George R. R. Martin’s superb fantasy epic continues in consummate style as bloodshed and alchemy lay waste the Seven Kingdoms in the second volume of A Song of Ice and Fire.
The Iron Throne once united the Sunset Lands, but King Robert is dead, his widow is a traitor to his memory, and his surviving brothers are set on a path of war amongst themselves. At King’s Landing, the head of Lord Eddard Stark rots on a spike for all to see. His daughter Sansa is betrothed still to his killer’s son Joffrey – Queen Cersei’s son, though not the son of her late husband Robert. Even so, Joffrey is now a boy-king, Cersei is his regent, and war is inevitable.
In Dragonstone, Robert’s brother Stannis has declared himself king, while his other brother Renly proclaims himself king at Storm’s End – and Eddard Stark’s fifteen year old son Robb wears the crown of the north at Winterfell.
A comet in the night sky, red and malevolent, the colour of blood and flame, can only be an omen of murder and war. Stannis’s child Princess Shireen dreams of dragons waking from stone. And a white raven has brought word from the Citadel itself, foretelling summer’s end. It has been the longest summer in living memory, lasting ten years, and the smallfolk say it means an even longer winter to come…
The first rule of war is never give the enemy his wish. But winter will be the biggest enemy. From beyond the Wall the undead and Others clamour for freedom, and from beyond the sea the long-dead Dragon King’s daughter hatches her revenge. Robb Stark will be exceedingly lucky to reach adulthood.
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George R.R. Martin writes sword-and-sorcery which concentrates on the swords. A Clash of Kings is the second volume of A Song of Ice and Fire, the sequence which began with A Game of Thrones and will take another four volumes to complete. The Seven Kingdoms are divided by revolt and blood feud; beyond their Northern borders, the men of the Night Watch fight the coming of a great cold and the walking corpses that travel with it; on the other side of the ocean, the last of the Kingdom's deposed ruling house mourns her horseclan husband and rears the dragonlets she hatched from his funeral pyre. This is character-driven fantasy--we see most events through the eyes of the sons and daughters of the Stark family, the once and future Kings of the North, whose father's judicial murder started the war. Martin avoids the cosy Californian cheeriness of many epic fantasies in favour of a sense of the squalor and grandeur of high medieval life; there is passion here, and misery and charm--and a profound sense of moral ambiguity as we learn to like the Richard III figure in this epic as much as the more virtuous Starks. -- Roz KaveneyReview:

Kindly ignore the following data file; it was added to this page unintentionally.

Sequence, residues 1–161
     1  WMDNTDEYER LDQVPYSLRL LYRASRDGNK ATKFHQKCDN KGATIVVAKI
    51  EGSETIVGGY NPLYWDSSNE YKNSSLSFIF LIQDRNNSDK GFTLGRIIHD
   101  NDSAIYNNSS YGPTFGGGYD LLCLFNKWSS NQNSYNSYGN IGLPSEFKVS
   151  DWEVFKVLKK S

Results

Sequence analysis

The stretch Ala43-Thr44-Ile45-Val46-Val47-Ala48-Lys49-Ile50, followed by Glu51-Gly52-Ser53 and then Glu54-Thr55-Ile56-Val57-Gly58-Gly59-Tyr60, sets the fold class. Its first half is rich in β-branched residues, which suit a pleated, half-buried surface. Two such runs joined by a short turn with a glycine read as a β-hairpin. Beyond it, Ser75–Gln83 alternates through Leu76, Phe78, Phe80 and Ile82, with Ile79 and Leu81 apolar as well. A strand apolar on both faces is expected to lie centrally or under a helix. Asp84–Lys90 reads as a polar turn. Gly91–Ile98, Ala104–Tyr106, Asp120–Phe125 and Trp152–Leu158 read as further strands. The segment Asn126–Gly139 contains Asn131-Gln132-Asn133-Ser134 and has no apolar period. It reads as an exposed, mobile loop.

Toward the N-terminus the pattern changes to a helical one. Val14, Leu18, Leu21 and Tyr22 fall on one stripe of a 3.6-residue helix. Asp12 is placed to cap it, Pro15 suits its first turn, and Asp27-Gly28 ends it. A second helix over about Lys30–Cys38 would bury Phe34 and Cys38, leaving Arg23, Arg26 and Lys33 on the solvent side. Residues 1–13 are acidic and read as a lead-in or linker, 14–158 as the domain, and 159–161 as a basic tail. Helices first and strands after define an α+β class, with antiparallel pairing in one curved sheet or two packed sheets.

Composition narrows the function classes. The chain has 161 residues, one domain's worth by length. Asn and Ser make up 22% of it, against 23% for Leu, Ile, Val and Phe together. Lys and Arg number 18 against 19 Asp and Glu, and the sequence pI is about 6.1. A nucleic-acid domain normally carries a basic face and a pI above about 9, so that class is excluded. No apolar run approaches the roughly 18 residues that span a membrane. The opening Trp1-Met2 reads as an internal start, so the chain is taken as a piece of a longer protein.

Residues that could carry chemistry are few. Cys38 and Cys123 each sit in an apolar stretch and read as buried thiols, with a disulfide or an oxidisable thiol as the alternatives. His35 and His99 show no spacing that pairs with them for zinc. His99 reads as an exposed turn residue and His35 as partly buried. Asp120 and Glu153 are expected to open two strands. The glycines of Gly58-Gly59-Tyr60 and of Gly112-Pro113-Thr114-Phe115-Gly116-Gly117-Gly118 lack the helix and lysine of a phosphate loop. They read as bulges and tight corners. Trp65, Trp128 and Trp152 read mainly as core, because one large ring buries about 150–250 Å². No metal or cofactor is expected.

‘A Game of Thrones grabs hold and won’t let go. It’s brilliant’
‘I read my eyes out. I couldn’t stop until I’d finished and it was dawn.’
‘An extraordinarily rich novel… The book stands out from similar work by virtue of its superbly developed characters, accomplished prose and sheer bloody-mindedness… Martin’s trophy case is already stuffed with major prizes, including Hugos, Nebulas, Locus Awards and a Bram Stoker. He’s probably going to have to add another shelf, at least.’
‘One of the all-time classic fantasy series, right up there with The Belgariad and The Chronicles of Thomas Covenant, and, yes, with The Lord of the Rings.’
The Alien Has Landed
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Book Description Voyager, 1998. Paperback. Book Condition: New. Bookseller Inventory # DADAX0002256681